In a recent development, lottery betting company Lottoland SA has initiated legal action against internet heavyweight Google in South Africa's Competition Tribunal. The firm alleges that Google has unjustifiably barred it from utilising the latter's advertising service platform.
Lottoland, which is licensed for fixed-odds betting, accuses Google of both discontinuing its access to its advertising services without legitimate grounds and selectively targeting it while allowing other lottery companies to advertise freely. The South African branch of Lottoland is seeking an order compelling Google to restore access to its advertising platform, either for an interim period of six months or until the Competition Commission delivers its decision on the matter.
In a significant move, Lottoland has lodged a complaint with the Competition Commission, contending that Google has abused its dominant position in the market. Lottoland contends that Google has exploited its market power to intimidate and obstruct its business. This claim forms part of Lottoland's broader argument for the injunction against Google.
Google, in response, has refuted the allegation of singling out Lottoland. While acknowledging the deliberate decision to exclude Lottoland and its lottery betting site, Google states that there are legitimate reasons for doing so. The tech giant's legal counsel, Michelle le Roux, has argued that Lottoland's landing page contravenes Google's internal policies and could potentially infringe South African law.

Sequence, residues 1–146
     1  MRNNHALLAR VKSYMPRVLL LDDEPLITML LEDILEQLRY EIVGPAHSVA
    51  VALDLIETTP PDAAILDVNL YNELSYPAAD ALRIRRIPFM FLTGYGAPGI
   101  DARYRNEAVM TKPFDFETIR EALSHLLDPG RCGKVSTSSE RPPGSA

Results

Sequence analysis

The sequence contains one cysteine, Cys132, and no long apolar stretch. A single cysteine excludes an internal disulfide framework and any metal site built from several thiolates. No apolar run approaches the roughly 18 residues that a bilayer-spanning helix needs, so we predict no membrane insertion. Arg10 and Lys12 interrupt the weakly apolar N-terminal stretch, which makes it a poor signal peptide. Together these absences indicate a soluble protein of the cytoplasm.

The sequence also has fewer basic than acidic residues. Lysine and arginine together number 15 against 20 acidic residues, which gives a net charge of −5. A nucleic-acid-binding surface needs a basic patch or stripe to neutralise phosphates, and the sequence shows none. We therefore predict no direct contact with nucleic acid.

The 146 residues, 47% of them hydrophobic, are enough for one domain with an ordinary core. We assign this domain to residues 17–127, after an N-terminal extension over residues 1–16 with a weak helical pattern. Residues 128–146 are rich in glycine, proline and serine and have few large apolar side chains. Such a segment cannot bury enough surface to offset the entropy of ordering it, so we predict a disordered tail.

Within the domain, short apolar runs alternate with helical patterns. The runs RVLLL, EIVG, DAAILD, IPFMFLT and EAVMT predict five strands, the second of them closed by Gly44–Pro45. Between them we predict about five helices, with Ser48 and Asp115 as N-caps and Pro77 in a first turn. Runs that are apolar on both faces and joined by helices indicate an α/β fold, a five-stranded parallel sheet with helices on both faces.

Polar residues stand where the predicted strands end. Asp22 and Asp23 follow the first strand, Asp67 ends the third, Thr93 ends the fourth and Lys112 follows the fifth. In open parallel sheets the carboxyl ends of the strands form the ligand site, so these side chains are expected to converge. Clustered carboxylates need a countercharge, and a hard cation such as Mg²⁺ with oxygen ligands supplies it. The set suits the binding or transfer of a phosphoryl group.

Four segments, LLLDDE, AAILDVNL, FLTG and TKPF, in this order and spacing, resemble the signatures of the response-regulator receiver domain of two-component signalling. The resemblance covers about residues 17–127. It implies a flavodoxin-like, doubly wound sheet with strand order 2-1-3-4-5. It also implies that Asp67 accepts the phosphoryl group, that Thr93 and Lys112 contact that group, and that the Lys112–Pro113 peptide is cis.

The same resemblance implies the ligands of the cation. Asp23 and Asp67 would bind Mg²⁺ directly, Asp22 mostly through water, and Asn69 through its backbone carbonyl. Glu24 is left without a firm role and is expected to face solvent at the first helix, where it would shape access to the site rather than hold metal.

Lottoland, operational in various countries such as Ireland, Germany, and Australia, has faced a variety of challenges in different jurisdictions. Germany's Joint Gaming Authority previously attempted to block access to Lottoland's platform, although the decision was overturned in court earlier this year.
As the court awaits a decision, the future of Lottoland's operations remains uncertain. Google has contended that Lottoland's product offerings, which include fixed-odds wagers on South Africa's National Lottery, may infringe the National Lotteries Act. However, no explicit language in the current version of the Act, last updated in 2015, prohibits such lottery bets.
Notwithstanding the outcome of the present dispute with Google, Lottoland may still face regulatory hurdles. In recent years, the National Lotteries Commission has endeavored to exert more control and potentially expel platforms like Lottoland from the market, albeit with limited success.
Meanwhile, the National Lotteries Commission is grappling with more significant problems. As of April, an ongoing investigation into allegations of corruption implicates over 15,000 nonprofits and companies in fraudulent activities, involving over R1 billion of lottery funds.